Farm and ranch liability insurance

If you've ever owned or operated a farm or ranch, you know that there is a wide range of risks unique to the practice. Animals are unpredictable at times and can sometimes escape, potentially causing damage to people and property in the process. Farming also comes with its own dangers, especially when large machinery is involved. That's why there is often a liability component to farm and ranch insurance. Similar to the liability that comes with many homeowners insurance plans, it covers things like bodily injury, medical expenses, and damage to property. Liability coverage may be part of or otherwise packaged with your farm and ranch property insurance, or may be sold as a separate policy. The type of liability insurance you'll need for your farm or ranch depends largely on the size of your operation, the type of ranching or farming you do, and whether or not your farm or ranch is run for business purposes or personal use.

Wrap up

It's important to understand that there really isn't such a thing as a "standard" farm and ranch insurance policy. As we have discussed, there is a wide range of different policies and coverages simply because farms and ranches have so many different functions. Depending on the insurance company, the coverages and policies we've discussed may come as a single bundled package, or may be available separately. At the end of the day, your insurance agent is going to be your greatest resource for crafting a policy that fits with your work and lifestyle. They understand what sorts of losses and perils their policies protect against, and may even conduct an on-site inspection to help determine the product that is right for you.

Staff Picks

Cypress Valley Treehouses

"We wanted to get away from the city and look at the stars. The treehouses are such a cool experience!"

- Michelle Schuler, Commercial Lines

Lajitas Golf Resort

"Voted the best golf course in Texas, it's beautiful, and if you're a big golfer, something to check off the bucket list."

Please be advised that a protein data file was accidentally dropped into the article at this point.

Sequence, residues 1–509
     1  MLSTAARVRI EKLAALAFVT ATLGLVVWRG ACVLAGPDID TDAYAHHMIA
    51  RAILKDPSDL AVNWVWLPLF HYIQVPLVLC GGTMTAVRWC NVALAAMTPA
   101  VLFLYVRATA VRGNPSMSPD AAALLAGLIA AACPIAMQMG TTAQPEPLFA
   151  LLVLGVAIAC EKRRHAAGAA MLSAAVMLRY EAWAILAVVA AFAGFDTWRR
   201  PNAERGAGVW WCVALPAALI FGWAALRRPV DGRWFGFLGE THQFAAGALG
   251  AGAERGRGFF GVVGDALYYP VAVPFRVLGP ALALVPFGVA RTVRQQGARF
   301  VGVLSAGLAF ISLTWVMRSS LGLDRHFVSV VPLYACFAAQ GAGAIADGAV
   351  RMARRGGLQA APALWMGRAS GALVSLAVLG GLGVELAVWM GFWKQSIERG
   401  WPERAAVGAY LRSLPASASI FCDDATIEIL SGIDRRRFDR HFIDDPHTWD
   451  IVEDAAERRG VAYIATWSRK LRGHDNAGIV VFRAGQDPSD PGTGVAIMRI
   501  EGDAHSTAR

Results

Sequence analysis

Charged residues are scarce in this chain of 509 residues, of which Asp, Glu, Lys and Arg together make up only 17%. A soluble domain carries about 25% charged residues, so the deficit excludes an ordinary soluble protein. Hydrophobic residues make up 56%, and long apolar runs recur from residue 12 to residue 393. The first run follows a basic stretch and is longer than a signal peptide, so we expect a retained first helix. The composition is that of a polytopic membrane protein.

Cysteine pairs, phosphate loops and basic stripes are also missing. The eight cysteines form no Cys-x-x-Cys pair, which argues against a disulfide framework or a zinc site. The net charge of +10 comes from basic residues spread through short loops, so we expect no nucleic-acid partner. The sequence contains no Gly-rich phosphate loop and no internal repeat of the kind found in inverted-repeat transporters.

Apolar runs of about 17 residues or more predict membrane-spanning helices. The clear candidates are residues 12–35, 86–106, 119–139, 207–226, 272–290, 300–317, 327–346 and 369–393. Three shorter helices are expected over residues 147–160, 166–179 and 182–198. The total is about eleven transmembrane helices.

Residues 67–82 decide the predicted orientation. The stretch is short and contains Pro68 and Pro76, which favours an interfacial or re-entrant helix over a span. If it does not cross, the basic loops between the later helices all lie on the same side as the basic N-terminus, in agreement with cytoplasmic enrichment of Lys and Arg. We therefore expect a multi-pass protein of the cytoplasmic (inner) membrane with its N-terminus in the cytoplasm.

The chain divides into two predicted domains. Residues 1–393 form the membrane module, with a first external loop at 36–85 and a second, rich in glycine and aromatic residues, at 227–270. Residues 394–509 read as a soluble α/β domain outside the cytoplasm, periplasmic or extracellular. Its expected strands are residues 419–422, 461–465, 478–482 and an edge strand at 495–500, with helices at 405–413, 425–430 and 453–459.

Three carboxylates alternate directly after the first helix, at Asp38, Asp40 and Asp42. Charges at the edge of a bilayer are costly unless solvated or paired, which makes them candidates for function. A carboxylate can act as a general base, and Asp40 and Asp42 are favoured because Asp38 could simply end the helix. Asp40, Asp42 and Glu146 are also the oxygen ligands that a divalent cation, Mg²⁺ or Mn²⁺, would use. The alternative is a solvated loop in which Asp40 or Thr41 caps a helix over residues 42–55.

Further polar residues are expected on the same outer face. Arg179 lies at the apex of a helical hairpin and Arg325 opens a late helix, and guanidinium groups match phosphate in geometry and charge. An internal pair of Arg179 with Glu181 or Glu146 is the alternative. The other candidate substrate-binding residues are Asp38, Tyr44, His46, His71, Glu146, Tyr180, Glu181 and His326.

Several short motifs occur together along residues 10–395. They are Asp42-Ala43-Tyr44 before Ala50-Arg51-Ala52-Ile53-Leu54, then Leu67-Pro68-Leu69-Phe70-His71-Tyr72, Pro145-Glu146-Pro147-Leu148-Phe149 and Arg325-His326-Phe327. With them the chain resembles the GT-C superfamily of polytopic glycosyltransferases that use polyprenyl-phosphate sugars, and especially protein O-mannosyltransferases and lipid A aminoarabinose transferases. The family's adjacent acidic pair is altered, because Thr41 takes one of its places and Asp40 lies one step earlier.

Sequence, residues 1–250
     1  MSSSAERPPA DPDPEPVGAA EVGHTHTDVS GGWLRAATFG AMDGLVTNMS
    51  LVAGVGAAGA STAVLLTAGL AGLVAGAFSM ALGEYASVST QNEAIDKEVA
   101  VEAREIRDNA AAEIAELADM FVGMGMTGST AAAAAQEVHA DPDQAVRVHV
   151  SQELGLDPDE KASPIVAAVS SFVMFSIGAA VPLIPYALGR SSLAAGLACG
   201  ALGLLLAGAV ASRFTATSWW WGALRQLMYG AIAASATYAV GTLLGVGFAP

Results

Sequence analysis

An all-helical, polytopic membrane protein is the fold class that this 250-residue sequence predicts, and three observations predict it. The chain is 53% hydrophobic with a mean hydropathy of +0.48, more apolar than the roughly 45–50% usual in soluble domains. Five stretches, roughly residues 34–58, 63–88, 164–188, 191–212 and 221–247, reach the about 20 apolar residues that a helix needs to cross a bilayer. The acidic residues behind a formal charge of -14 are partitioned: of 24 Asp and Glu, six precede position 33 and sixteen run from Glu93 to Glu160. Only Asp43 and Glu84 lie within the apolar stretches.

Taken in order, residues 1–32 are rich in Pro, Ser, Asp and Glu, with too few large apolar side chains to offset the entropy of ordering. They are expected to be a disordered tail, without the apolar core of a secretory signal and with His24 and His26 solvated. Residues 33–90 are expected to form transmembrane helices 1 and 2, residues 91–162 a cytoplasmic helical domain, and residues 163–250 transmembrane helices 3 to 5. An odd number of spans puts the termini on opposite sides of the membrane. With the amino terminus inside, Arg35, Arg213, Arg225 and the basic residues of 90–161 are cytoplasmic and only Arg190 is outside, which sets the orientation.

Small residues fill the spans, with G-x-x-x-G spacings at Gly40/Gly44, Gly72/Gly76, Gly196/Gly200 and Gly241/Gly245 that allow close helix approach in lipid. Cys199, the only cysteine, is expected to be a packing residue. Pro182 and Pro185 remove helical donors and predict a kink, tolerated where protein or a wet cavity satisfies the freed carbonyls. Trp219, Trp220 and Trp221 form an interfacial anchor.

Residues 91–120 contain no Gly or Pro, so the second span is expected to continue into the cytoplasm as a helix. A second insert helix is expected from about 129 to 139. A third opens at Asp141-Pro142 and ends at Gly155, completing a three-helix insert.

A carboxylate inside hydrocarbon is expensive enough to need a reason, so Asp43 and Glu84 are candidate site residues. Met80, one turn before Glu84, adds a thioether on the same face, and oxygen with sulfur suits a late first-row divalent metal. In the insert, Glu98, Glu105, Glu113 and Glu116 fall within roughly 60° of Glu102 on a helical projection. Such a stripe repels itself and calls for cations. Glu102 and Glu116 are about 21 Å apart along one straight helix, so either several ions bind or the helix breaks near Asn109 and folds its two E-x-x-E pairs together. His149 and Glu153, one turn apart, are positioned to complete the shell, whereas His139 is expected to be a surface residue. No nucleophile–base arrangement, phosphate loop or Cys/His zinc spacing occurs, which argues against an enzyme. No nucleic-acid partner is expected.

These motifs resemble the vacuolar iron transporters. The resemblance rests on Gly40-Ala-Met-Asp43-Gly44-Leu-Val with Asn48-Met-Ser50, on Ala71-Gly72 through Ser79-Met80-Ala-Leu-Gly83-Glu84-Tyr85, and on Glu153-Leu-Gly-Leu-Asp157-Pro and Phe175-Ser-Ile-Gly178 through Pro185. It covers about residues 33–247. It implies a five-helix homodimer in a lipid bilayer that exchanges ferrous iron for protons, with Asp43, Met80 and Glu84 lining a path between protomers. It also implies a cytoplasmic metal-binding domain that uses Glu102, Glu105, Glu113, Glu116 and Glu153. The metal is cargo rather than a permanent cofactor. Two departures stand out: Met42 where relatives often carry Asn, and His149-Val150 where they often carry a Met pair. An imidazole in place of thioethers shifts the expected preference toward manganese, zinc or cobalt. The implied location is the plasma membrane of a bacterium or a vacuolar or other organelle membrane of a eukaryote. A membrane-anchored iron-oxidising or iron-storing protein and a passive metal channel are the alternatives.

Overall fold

- David Pool, Commercial Lines

Yurtopia Wimberley

"Glamping at it's best. These have dunk pools, access to the lake, AC and lots of space to enjoy the outdoors."

- Madison Ardoin, Commercial Lines


4 Questions to Determine Where to Keep Your Valuables

It's important to keep your important documents and valuables away from burglars, fire, or natural disasters. Here are the four questions you need to ask when deciding whether to store them at home in a safe or in a deposit box.

  1. How VALUABLE are your items? If your items are not replaceable or very valuable, like expensive jewelry or important documents, you'll want to keep them in a bank safe. If they are not as valuable or easily replaceable, an in-home safe will most likely be a sufficient solution.

  2. How OFTEN do you need this item? If you're using the items, like fine jewelry, on a special occasion, a bank safe will work well. However, if it's an item you use daily or once a week, a bank safe will be inconvenient so an in-home safe is a better idea.

  3. How LONG will you be away from your home? If you are bicoastal or gone from your home seasonally, using a bank safe for your valuables is a safer option.

  4. How SECURE is your in-home safe? If you have an in-home safe, make sure it has a tool or torch resistant rating of 30 minutes or more (TL-30/TR-30), is too heavy for someone to carry or is bolted to the floor or other home structure.

Get More Information

Wondering what your policy covers and if your properly covered in case of a disaster? Call us at 512-447-7773, email us at or reach out to your dedicated agent.